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Policy makers, development experts and academics gathered at the Harvard Kennedy School in late October to develop “Trillion Dollar Ideas to Build Prosperity,” which was the theme for this year’s Global Empowerment Meeting (GEM12), sponsored by the Center for International Development(CID).
The fifth in a series, GEM12 continued last year’s discussions on new strategies for accelerating growth and unlocking the economic potential of developing countries. It offered a platform for engaging new ideas while promoting direct interaction between those who create the ideas, and the implementers and supporters necessary to give the concepts “legs.”
Meeting topics ranged from “Building a State Capability: The PDIA Approach,” to “Emotion, Reason and Moral Progress.” Each expert presented a synopsis of their ideas and the sessions concluded with an open discussion between panelists and audience members.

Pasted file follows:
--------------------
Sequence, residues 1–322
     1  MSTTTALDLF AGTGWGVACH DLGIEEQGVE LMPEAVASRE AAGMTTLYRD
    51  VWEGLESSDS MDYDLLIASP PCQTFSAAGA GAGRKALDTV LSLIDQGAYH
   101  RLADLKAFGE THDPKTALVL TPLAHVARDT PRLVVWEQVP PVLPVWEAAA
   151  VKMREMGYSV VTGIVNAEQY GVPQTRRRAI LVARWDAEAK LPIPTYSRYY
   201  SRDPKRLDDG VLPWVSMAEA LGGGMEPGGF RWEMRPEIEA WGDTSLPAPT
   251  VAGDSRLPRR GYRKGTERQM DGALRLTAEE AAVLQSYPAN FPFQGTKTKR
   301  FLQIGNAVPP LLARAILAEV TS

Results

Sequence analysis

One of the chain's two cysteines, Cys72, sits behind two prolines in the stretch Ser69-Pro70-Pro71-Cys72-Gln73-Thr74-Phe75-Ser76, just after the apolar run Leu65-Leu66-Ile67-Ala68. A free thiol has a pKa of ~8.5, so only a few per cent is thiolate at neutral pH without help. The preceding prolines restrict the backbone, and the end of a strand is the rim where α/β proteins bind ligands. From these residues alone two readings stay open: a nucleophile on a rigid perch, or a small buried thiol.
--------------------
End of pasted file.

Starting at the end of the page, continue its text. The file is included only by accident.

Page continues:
Ricardo Hausmann, professor of the practice of economic development and CID director, analyzed the structure and dynamics of international development assistance as part of a discussion on "The Role of Networks in Building Prosperity."
“We went from a world that has very few sovereign states to a world that has many sovereign states. So this inequality between the regions of the world implied inequality across sovereigns. It implied an international governance relationship,” said Hausmann.
Lawrence Summers, Charles W. Eliot University Professor and former secretary of U.S. Treasury, talked about prospects for developing countries in a changing world.
“If the global economy grows, there’s only so much of a variety of commodities and rising demand is likely to increase the value of those commodities," he said. "I would be surprised if developing countries as a group did not enjoy more rapid growth than industrial countries as a group for the next several decades.”
For more on GEM12 visit the Center for International Development GEM12 website.
Pictured (from L to R): Ricardo Hausmann, professor of the practice of economic development and CID director and Lawrence Summers, Charles W. Eliot University Professor and former secretary of U.S. Treasury.